The Theatreguide.London Review
Old Vic Theatre Autumn 2017
I am honour-bound to open by reporting that I saw The Lorax in an audience that was at least half children, generally of single-digit ages, and the fidget level was remarkably low.
I'm not sure I can say the same of the adults, and this may be one of those 'family shows' that kids enjoy and parents endure.
First seen at the Old Vic two years ago, David Greig's adaptation of Dr. Seuss's ecological fable returns for a three-week run in advance of a tour.
Greig has successfully captured the sound of Seuss's infectious rhymes ('We don't make much money, just a few groats/And most of that goes to oats for the goats'). But neither he nor director Max Webster can sustain the essential air of whimsy.
At their best, the performers are sprightly and energetic, but too often, particularly when the plot gets serious, their shared story-theatre narration lapses into spiritless recitation.
Rob Howell's sets can be candy-coloured delights, but too much of the show is in shadows or on a bare stage. And even the title character, a kind of orange walrus on spindly legs (a three-foot-high doll expertly moved and voiced by three 'invisible' puppeteers), doesn't have much of a personality.
Seuss's plot has an ambitious young man discover that the magical trees of an unspoiled forest can be used to make a popular product.
Despite the objections of the Lorax, self-appointed protector of the forest and its inhabitants, he sets about cutting down the trees and building a city and smog-generating factory.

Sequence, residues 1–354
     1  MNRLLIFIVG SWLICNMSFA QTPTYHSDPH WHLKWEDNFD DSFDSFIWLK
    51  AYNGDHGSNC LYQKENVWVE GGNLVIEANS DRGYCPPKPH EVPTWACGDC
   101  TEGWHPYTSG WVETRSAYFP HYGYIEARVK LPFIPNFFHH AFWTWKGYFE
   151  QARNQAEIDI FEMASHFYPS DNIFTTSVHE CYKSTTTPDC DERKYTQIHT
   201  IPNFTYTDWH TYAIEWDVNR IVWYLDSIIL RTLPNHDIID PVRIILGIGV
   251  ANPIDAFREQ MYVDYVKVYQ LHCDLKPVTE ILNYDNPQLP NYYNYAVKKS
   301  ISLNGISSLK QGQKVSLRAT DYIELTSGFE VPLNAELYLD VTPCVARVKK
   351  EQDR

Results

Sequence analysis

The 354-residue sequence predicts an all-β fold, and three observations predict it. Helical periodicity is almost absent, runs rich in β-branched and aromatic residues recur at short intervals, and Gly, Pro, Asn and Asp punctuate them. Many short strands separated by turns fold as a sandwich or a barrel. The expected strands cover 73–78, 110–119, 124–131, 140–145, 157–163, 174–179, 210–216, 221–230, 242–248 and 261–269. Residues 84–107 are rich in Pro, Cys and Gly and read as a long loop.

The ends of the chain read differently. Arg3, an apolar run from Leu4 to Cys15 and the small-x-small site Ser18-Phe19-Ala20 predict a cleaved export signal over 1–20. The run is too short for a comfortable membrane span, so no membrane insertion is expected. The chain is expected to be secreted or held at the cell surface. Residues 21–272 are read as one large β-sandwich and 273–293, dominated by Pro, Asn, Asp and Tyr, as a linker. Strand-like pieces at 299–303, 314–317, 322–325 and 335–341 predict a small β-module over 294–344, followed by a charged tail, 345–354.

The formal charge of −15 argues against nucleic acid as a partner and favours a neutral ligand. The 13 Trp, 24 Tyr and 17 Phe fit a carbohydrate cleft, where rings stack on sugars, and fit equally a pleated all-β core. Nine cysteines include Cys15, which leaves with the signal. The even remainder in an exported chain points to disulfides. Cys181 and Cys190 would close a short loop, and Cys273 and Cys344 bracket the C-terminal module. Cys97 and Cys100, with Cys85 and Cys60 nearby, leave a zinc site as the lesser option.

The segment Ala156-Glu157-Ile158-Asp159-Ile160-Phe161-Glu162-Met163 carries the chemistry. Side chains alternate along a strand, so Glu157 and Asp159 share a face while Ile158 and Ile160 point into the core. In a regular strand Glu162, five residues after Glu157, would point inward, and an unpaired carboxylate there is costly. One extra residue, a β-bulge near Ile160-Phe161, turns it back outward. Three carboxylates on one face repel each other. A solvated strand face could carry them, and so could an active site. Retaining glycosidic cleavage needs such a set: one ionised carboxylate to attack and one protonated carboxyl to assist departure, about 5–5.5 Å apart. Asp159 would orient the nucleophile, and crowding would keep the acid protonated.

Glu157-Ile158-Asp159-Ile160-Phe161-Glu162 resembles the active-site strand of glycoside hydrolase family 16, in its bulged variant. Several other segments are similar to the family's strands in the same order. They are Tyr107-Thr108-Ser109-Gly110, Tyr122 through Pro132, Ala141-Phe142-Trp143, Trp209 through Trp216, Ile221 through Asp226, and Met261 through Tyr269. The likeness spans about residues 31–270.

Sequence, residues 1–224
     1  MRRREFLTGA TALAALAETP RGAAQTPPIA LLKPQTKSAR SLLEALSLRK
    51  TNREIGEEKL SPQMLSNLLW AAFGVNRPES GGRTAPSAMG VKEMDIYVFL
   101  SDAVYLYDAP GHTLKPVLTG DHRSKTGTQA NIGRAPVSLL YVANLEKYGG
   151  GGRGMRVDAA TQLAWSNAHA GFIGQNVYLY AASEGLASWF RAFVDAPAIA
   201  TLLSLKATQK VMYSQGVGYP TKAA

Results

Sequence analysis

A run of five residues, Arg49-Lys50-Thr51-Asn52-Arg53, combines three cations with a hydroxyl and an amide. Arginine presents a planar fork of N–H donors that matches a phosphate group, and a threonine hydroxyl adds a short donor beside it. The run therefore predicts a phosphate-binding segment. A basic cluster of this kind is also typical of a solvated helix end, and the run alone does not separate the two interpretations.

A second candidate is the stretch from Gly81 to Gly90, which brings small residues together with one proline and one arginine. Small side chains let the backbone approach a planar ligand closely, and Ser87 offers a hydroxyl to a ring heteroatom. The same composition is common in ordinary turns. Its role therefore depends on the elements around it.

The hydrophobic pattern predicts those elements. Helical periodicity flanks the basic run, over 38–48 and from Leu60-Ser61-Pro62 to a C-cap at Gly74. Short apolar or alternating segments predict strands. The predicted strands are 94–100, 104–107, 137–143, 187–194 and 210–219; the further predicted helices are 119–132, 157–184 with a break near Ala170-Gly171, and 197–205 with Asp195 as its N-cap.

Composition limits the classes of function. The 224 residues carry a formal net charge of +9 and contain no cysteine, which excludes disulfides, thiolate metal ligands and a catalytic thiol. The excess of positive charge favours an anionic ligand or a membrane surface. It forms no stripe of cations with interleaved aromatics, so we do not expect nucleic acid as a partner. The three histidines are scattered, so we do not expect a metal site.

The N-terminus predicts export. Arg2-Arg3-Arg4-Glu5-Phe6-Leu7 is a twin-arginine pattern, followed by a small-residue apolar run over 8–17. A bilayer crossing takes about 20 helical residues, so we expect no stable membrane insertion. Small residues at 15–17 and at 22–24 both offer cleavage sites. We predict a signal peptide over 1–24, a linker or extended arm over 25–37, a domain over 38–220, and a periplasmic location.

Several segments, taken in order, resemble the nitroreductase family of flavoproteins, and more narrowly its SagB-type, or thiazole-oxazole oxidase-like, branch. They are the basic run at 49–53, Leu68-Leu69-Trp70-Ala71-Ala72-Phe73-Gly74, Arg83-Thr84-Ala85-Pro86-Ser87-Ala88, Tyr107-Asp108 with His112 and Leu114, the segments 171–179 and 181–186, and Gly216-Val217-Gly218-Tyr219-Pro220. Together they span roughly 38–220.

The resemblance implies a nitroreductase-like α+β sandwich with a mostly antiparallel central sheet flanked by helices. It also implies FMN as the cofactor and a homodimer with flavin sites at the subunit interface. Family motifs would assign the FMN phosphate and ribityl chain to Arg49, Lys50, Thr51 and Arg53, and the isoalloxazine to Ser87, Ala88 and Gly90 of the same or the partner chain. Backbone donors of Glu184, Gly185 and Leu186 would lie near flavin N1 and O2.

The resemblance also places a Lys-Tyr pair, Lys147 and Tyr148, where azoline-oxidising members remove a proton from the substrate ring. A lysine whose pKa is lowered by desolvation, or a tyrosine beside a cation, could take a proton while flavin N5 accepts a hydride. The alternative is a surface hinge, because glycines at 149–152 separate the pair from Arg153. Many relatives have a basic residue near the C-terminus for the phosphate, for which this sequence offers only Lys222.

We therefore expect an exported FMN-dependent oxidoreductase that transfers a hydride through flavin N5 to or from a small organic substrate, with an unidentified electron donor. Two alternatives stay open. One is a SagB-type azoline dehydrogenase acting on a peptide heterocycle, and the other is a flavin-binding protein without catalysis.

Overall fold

Only when the last tree has been destroyed and the Lorax has departed in defeat does he realise the error of his ways. (There is, of course, a hint of hope and inspiration at the end.)
In a misstep that dates back at least as far as Milton, the bad guy is far more alive, energetic and theatrically attractive than the hero. Actor Simon Paisley Day invests him with loose-limbed vitality and a hint of Panto villain broadness that are just more fun to watch than the puppet hero's glum tut-tutting.
The show is punctuated by songs by Charlie Fink and choreography by Drew McOnie, and by far the most colourful and entertaining numbers are those in which the baddie celebrates his successes.
Yet, as I said, the kids are held by this, so maybe they need less sugar-coating than the grown-ups to get the story's simple ecological message.
The Lorax is less fun than the most modest Christmas Panto, but it has more to say. Dr. Seuss never underestimated his young readers, and perhaps neither should we.
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Review - The Lorax - Old Vic Theatre 2017